U of S | Mailing List Archive | alt-photo-process-l | Re: Sorry to ask again but...

Re: Sorry to ask again but...


There are many different kinds of flatbed scanners and I don't know where the place of best focus in on all of them. However, all of the ones I have used appear to have the point of best focus not on the surface of the glass of the scanner but at somewhere around .5mm to 1mm from the top. That is suggested by various film holders themselves. Therefore, placing a thin piece of glass on the top of the scanner, with the emulsion of the film placed in contact with that glass, appears to place the negative at a point where the focus is at least as correct as with the negative holder. Another issue is that lenses used in scanners appear to have really great depth of field and small differences in placement don't appear to make much difference. In any event, with the Epson 4870 I definitely see a small improvement in a scan made fluid mounted on glass as opposed to either placement over the glass in a holder or placement emulsion side down dry over the scanner glass.

As for the dry mounting fluid, some of the stuff being used today is solvent and simply evaporates from the film so that little or no clean-up is necessary. Kami mounting fluid, for example, leaves little or no residue. However, if the mounting fluid drys out during the scan you have pretty much lost the advantage of dry mounting so for scanning large format negatives at high resolution I use prefer Johnson's baby oil since it is more viscous and does not dry out as fast. After scanning I simply place the negative in a tray of warm water with a little liquid dishwater liquid and let it soak for a few minutes, then rinse it briefly and hang to dry.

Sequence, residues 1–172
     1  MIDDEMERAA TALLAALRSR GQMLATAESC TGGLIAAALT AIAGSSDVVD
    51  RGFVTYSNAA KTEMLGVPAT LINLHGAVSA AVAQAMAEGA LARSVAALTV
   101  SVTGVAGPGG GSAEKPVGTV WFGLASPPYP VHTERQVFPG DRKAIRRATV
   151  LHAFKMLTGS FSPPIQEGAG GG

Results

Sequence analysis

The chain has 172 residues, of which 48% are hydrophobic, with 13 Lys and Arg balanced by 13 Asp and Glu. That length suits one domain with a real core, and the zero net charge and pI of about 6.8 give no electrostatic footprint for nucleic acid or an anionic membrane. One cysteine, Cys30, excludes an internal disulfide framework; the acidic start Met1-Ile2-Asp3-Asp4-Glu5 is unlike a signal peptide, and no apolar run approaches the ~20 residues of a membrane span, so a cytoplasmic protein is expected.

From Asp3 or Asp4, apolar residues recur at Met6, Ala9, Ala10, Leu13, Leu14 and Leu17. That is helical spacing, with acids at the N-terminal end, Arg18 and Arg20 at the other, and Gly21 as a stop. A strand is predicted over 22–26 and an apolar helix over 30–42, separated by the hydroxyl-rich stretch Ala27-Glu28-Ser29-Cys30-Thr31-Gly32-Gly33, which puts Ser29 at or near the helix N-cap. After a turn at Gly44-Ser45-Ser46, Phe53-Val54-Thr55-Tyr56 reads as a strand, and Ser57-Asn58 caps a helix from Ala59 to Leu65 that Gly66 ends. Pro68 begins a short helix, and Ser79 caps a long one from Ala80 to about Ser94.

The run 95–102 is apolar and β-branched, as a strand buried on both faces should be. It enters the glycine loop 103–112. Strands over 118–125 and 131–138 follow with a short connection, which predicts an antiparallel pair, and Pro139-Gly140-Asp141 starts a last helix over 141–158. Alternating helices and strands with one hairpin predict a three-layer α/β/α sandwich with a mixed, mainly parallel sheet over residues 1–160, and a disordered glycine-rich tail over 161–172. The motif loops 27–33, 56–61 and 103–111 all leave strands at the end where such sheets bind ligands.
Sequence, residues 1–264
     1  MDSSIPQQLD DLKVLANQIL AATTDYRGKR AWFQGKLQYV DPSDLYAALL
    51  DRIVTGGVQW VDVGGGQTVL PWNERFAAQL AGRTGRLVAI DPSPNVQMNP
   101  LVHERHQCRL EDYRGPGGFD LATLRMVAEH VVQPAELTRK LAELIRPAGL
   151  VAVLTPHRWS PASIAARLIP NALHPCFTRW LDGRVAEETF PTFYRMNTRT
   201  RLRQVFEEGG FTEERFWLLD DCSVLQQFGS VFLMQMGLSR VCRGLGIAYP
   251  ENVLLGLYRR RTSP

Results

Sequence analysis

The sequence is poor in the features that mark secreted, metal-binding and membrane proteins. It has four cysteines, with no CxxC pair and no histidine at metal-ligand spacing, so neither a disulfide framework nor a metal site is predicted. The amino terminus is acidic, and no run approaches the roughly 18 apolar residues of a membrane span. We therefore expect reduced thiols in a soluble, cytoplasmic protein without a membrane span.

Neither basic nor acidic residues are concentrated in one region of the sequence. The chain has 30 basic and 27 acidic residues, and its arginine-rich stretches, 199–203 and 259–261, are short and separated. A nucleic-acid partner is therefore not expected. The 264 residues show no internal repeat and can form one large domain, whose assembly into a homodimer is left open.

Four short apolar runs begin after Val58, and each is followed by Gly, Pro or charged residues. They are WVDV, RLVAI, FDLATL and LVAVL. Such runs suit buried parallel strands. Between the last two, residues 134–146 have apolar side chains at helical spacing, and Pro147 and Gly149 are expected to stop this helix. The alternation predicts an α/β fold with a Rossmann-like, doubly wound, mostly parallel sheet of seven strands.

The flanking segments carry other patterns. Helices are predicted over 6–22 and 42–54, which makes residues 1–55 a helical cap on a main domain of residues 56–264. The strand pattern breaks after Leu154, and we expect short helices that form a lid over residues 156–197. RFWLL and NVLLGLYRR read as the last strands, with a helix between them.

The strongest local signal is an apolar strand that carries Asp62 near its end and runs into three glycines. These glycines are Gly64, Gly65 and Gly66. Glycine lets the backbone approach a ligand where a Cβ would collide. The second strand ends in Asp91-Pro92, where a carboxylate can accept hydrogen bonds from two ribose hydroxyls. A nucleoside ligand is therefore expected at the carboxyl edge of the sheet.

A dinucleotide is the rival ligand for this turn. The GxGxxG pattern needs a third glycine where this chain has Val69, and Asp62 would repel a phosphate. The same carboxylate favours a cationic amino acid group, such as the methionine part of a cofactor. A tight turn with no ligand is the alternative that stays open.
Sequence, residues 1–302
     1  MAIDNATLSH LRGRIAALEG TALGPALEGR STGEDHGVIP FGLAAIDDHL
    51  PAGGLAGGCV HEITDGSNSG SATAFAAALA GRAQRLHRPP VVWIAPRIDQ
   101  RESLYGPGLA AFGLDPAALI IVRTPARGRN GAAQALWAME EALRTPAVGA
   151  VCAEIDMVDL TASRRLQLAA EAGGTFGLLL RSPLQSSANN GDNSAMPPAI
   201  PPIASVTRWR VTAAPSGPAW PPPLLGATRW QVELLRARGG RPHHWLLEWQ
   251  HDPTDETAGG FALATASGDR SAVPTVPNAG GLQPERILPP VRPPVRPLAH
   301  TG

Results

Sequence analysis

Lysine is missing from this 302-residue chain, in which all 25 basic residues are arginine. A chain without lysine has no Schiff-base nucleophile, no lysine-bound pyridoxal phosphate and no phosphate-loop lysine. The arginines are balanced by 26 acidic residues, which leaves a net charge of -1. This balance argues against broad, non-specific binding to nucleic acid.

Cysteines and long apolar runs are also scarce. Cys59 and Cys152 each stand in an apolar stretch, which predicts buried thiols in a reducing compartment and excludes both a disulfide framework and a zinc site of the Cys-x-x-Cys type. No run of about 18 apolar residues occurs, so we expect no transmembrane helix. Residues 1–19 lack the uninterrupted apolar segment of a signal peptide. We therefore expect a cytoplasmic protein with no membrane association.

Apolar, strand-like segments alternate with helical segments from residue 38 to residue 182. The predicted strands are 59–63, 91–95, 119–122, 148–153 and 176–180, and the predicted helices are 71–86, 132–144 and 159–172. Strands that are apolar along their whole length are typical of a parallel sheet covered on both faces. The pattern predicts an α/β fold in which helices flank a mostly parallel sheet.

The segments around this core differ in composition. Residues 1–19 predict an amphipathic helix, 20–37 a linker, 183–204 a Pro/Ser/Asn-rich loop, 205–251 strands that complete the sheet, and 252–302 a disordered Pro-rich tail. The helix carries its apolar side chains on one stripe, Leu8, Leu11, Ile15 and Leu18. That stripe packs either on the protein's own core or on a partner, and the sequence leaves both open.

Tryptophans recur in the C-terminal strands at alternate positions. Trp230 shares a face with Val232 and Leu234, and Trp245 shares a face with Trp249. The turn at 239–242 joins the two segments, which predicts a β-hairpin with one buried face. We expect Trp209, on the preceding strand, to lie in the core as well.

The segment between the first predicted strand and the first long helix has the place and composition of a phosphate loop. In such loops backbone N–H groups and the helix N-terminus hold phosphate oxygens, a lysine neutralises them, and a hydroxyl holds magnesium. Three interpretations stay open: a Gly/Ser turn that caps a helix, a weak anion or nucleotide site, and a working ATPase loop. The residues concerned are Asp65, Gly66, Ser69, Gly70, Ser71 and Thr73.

I will look for that story about Clemson in the Times. Last time I remember Clemsion making much of a splash in the Times was when it was ranked the #1 or #1 party school in the USA. I see that Clemson did not make the top 30 in that category this year, though they finally got into the top 30 of public universities. I hope that neither of those rankings has anything to do with fact that both Sam and I retired this year!


Is there a limit to dumb questions -- or do we get an unlimited supply?
I have absolutely NO intention of ever burying a neg in oil ever again for any purpose whatsoever, but I do use my scanner in various ways & Sandy's reply makes me wonder...

If you add a piece of glass on top of the scan bed, doesn't that spoil focus? I realize you can raise it a fraction of an inch to fit negs into a multiple holder, but that's not as thick as a piece of glass... I also have an idea my scanner wouldn't scan anyway with the added thickness of the frame Sandy suggests, because the cover has to connect with something or other (UMax, large flatbed-- will sometimes take an open magazine but VERY goosey about books). So what, if any is the depth of field probably?

I have, BTW, just finished a project requiring *many* scans, but found that anything larger than say 4 by 6 inches had to be scanned at 600, 800 or even 1000 dpi, or it simply wouldn't. (I'd get a message saying scanner doesn't connect with the driver or words to that effect.) It's goosey in other ways, too... possibly the softwear needs a kick in the head, but once I figured out raising the dpi it nearly always works -- and I get some guilt-free reading while I wait... (The scans can come in at 100 or more megabytes but I reduce them right away, so not a problem.)

thanks in advance for enlightenment re depth of field, et al...

PS. Sandy, Clemson was in the Times today -- something about a motor vehicle, BMW as I recall... But I take it that's not your department...?


On Mon, 28 Aug 2006, Sandy King wrote:


You don't want to mount directly to the scanner glass with fluid because there is the risk of it getting into the scanner.

Better to have someone cut you a piece of glass that will fit over the scanner glass, then install a frame on this glass of the size of your negative, and glue the frame to the glass. This eliminates the risk of the fluid getting into the scanner, plus you can remove it to clean away from the scanner itself.